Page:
Author: Marley Gibson
Series: Ghost Huntress, #1
Source: Author for Review
Publisher: Houghton Mifflin Harcourt
Publication Date: May 4, 2009
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Get out your tape recorders, crystals, and extra batteries-- you're about to go where our world meets the spirit world.
Psychic Kids, Paranormal State, Haunting Evidence--these and countless other television shows are making believers out of millions of people: Ghosts exist, and they're living right beside us. For centuries, individuals have been trying to prove the existence of ghosts. But without hard evidence, it's been difficult to make the case. But now as science and technology have progressed, ghost hunters have been able to use scientific means, along with more traditional psychic tools, to make their case. Photographs, video recordings, and sound recordings are all producing some amazing results.
In this new series, Ghost Huntress, meet Kendall Moorehead, a seemingly typical teen. When her family moves from Chicago to the small historical town of Radisson, Georgia, her psychic abilities awaken. She's hearing, feeling, and seeing things that seem unbelievable at first, but with the help of the town psychic, Kendall is able to come to terms with her newly emerging gift. So, together with her new BFF, Celia, Kendall forms a ghost hunting team. They've got all the latest technology. They've got Kendall for their psychic. Now they're going to clean up Radisson of its less savory spirits.
The story is fiction. The science is real. Welcome to a new reality.
It's not that I didn't like The Awakening...I did to a point. But all of my thoughts on this novel totally conflict, and I can't sort through them enough to write a comprehensible review. They all demand to be spoken, so prepare for a long bout of random thoughts.
I like the way that Marley Gibson writes, because it seems so fresh and unique when you're reading it. But I don't truly understand why all of her characters are so very sweet, yet they can all cuss up a pretty good storm. I mean, no F-bombs or anything, but they really can tell you how they're feeling with a few choice words.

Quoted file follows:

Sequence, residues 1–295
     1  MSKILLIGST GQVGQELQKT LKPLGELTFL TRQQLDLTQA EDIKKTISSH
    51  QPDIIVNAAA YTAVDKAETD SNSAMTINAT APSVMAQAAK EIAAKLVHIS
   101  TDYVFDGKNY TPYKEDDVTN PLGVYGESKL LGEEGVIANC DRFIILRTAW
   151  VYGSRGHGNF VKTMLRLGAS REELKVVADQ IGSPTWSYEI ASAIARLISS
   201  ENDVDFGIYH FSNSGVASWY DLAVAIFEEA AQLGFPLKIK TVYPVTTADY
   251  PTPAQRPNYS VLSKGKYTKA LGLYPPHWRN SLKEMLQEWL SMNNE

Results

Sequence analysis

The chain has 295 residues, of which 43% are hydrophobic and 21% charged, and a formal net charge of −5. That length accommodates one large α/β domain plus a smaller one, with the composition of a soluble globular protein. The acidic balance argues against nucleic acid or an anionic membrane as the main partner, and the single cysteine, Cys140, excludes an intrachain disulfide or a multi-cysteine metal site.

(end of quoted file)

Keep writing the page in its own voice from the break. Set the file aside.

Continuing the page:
The ghost hunting was interesting, but a lot of the time it felt like the scenes were a bit forced. For instance, in one of the scenes near the beginning, Kendall tells someone that all the windows of the place they're investigating have been painted shut since 1970. Later in the book, they contact a spirit who's a bit fiesty...and he OPENS the windows. This is either supposed to show amazing strength on his part, or I'm supposed to forget that those windows were painted shut. Either way, I don't really get it.
Also, Kendall and Jason fall into "like like" a little too quickly for my taste. It honestly seemed like they'd just met, had an argument, then they go on a hunt and BAM. They start kissing at a completely inopportune moment. That just kills it for me. I could have lived without their little hormone/adrenaline filled moment. They were great as friends, so I don't really understand why they had to become more.
As for Kendall's other friends, I did enjoy them, but I felt like all of their interactions and fights and stuff should have been more capitalized on. They fight, then they all make up so quickly that it made my head hurt a bit. I wish that we could have seen more development on all of their parts, and maybe less simplistic relationships. Because anyone can tell you that relationships can be very trying.
The ghost hunting part WAS interesting, but I think that I was focused so much on the characters that I missed a lot of that, and I found myself skimming pages a couple times. I liked the technical points that were added to the hunting, but other than that I found it unmemorable.
All in all, I did enjoy parts of The Awakening, but it just didn't have the impact on me that it could have.
"You were a good girl. So full of life and spirit and spunk. I never left you, though, Kendall. I've been with you every day of your life, whether you could see me or not." ~ Pg. 336